In March 1987, the body of successful private investigator Daniel Morgan was discovered in a London pub car park after an ax had been driven deep into his skull. Despite five police investigations in the 34 years since, no one has ever been brought to justice over the murder—but, on Tuesday, Morgan’s family finally started to get some answers.
A damning report from an independent panel—released Tuesday after eight years of work—has accused London’s Metropolitan Police of “a form of institutional corruption” that saw it trying to “protect itself” by failing to acknowledge its repeated missteps in Britain’s biggest unsolved murder. It also accused one of Rupert Murdoch’s tabloid titles of trying to disrupt the murder investigation by intimidating its lead detective.
The panel said Morgan’s family “suffered grievously as a consequence of the failure to bring his murderer or murderers to justice, the unwarranted assurances which they were given, the misinformation which was put into the public domain, and the denial of the failings in investigation, including failing to acknowledge professional incompetence, individuals’ venal behaviour, and managerial and organisational failures.”
It added: “Concealing or denying failings, for the sake of the organisation’s public image, is dishonesty on the part of the organisation for reputational benefit and constitutes a form of institutional corruption.”
Daniel Morgan ran a lucrative private investigations agency, Southern Investigations, with business partner Jonathan Rees in the 1980s.
On the night of the murder, Morgan and Rees had a drink together, and it’s been reported that Morgan was preparing to expose corruption by local police officers at the time of his killing. Rees and the officer put in charge of the Morgan case, Detective Sergeant Sid Fillery, were arrested on suspicion of murder weeks later, but released due to lack of evidence.
Fillery later replaced Morgan as Rees’ partner at Southern Investigations, and the two were known to sell stories to the now-defunct Murdoch-owned tabloid newspaper the News of the World. The panel said it had been investigating “connections between private investigators, police officers, and journalists at the News of the World,” and named one of its reporters, Alex Marunchak, as having a close connection to Southern.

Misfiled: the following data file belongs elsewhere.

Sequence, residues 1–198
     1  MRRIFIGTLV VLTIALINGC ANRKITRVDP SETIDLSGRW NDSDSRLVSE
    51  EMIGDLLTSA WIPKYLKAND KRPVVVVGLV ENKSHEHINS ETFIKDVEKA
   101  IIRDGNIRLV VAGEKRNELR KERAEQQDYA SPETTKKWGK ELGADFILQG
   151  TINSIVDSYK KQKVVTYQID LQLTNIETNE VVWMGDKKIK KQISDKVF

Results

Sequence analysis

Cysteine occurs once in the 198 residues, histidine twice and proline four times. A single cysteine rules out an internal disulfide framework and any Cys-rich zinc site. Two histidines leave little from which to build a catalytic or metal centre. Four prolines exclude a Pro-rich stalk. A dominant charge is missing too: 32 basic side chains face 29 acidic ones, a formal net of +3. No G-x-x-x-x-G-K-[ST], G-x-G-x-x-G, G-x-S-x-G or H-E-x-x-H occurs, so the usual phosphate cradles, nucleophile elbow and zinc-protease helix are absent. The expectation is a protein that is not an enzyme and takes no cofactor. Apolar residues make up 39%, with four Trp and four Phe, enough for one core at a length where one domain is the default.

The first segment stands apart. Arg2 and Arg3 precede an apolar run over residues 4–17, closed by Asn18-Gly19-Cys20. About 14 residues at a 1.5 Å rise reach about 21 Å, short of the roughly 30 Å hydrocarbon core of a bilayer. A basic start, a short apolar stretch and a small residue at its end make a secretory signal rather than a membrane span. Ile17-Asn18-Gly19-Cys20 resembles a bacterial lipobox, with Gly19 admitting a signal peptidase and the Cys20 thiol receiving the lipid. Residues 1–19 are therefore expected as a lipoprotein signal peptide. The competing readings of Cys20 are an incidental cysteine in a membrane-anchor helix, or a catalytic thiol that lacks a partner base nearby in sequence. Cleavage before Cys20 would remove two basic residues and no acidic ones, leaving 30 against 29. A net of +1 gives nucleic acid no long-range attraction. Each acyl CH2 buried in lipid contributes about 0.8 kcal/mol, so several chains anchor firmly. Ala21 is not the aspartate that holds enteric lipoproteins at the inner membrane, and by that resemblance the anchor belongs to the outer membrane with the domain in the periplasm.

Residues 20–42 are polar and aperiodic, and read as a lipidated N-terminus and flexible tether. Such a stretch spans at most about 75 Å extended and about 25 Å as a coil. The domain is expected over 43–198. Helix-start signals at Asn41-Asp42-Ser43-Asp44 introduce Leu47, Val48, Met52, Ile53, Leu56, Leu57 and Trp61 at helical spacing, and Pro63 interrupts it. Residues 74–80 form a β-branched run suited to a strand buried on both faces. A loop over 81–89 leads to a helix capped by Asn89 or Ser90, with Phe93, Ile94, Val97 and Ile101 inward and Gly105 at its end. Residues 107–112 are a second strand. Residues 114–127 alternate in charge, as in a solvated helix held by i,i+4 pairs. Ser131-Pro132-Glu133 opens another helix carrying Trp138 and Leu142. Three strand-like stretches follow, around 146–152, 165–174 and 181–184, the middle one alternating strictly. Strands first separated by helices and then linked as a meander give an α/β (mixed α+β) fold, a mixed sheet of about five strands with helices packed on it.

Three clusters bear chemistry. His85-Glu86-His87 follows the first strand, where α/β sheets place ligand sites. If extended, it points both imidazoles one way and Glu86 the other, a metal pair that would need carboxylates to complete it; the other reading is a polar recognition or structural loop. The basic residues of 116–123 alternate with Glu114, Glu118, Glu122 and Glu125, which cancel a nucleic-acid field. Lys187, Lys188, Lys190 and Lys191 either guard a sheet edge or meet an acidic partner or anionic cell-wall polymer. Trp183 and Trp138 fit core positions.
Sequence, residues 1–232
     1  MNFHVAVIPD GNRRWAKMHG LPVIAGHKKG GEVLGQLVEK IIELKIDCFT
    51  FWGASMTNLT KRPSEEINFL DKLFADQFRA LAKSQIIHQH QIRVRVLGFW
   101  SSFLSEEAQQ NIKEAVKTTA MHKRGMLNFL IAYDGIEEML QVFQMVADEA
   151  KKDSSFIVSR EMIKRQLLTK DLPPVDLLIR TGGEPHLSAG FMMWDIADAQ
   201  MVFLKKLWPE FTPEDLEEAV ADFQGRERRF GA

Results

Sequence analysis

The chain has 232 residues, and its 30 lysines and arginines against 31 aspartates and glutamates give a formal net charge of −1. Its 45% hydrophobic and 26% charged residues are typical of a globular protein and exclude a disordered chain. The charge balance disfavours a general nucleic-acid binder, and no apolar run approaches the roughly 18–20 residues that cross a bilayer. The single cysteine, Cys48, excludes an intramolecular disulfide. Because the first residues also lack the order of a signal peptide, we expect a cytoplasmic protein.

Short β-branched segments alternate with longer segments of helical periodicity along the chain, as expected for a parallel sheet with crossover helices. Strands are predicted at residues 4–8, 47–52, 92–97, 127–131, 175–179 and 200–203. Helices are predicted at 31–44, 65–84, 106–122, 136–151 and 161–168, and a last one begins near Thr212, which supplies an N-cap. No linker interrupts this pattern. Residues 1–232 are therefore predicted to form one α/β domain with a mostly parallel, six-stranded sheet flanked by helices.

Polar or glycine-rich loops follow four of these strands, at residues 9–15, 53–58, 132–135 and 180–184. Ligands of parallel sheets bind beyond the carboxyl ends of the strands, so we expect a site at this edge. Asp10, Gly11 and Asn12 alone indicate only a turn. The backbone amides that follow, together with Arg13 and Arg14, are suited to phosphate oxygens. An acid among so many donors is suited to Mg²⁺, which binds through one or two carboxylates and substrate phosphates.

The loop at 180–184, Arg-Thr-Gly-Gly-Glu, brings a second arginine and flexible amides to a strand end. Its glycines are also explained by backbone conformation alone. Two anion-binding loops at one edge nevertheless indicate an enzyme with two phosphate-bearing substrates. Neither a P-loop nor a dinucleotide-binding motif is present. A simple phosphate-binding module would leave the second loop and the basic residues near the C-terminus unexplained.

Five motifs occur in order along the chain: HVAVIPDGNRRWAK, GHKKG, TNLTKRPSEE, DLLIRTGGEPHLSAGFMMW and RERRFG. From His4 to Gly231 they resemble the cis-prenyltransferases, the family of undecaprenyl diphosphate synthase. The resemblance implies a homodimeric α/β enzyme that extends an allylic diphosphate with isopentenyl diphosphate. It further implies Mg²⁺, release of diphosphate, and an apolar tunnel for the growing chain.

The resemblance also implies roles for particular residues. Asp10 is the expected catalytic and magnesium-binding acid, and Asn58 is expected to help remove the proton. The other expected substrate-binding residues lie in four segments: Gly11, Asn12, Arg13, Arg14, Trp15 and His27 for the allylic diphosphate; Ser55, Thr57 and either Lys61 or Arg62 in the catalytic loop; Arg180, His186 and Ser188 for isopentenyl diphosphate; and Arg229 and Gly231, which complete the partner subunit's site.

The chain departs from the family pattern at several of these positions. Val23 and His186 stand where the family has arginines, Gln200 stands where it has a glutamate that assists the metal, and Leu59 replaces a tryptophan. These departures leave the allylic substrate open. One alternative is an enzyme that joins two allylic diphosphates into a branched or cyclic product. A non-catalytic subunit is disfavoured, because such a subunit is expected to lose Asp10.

Journalists from the Murdoch paper were caught spying on the case’s lead investigator, Detective Chief Superintendent David Cook, and the panel’s report said that its gathered evidence “suggests very strongly that the intrusive activity suffered by DCS Cook… was arranged by former DS Fillery and Alex Marunchak with a view to discrediting DCS Cook and/or to intimidate him and thus disrupt” his murder investigation.
Morgan’s family said in a statement released shortly after the report, “We welcome the recognition that we—and the public at large—have been failed over the decades by a culture of corruption and cover-up in the Metropolitan Police, an institutionalised corruption that has permeated successive regimes in the Metropolitan Police and beyond to this day.”
Home Secretary Priti Patel said on Tuesday that the “deeply alarming” panel report had revealed a “litany of mistakes” from the Metropolitan police that she said had “irreparably damaged the chances of successful prosecution.” Patel went on to describe the Morgan case as “one of the most devastating episodes in the history of the Metropolitan police.”
The Met said, “We deeply regret that no-one has been convicted of Daniel's murder. We have not stopped pursuing justice. We accept corruption was a major factor in the failure of the 1987 investigation. This compounded the pain suffered by Daniel’s family and for this we apologize.”